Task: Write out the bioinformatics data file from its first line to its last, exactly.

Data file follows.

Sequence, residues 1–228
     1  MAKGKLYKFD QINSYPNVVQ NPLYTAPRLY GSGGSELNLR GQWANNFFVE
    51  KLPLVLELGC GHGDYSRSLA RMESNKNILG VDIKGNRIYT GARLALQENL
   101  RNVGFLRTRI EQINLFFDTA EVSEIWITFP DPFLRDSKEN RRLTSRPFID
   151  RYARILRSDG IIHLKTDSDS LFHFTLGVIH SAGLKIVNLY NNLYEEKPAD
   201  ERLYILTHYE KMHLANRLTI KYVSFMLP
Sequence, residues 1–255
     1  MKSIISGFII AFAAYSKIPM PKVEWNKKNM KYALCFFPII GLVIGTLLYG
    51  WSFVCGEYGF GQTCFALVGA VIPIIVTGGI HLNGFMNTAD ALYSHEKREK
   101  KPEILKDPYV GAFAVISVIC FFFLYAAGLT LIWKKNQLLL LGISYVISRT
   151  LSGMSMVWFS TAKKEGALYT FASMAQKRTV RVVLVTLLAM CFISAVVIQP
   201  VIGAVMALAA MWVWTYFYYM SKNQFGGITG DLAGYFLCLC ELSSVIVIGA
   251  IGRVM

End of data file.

Sequence, residues 1–228
     1  MAKGKLYKFD QINSYPNVVQ NPLYTAPRLY GSGGSELNLR GQWANNFFVE
    51  KLPLVLELGC GHGDYSRSLA RMESNKNILG VDIKGNRIYT GARLALQENL
   101  RNVGFLRTRI EQINLFFDTA EVSEIWITFP DPFLRDSKEN RRLTSRPFID
   151  RYARILRSDG IIHLKTDSDS LFHFTLGVIH SAGLKIVNLY NNLYEEKPAD
   201  ERLYILTHYE KMHLANRLTI KYVSFMLP
Sequence, residues 1–255
     1  MKSIISGFII AFAAYSKIPM PKVEWNKKNM KYALCFFPII GLVIGTLLYG
    51  WSFVCGEYGF GQTCFALVGA VIPIIVTGGI HLNGFMNTAD ALYSHEKREK
   101  KPEILKDPYV GAFAVISVIC FFFLYAAGLT LIWKKNQLLL LGISYVISRT
   151  LSGMSMVWFS TAKKEGALYT FASMAQKRTV RVVLVTLLAM CFISAVVIQP
   201  VIGAVMALAA MWVWTYFYYM SKNQFGGITG DLAGYFLCLC ELSSVIVIGA
   251  IGRVM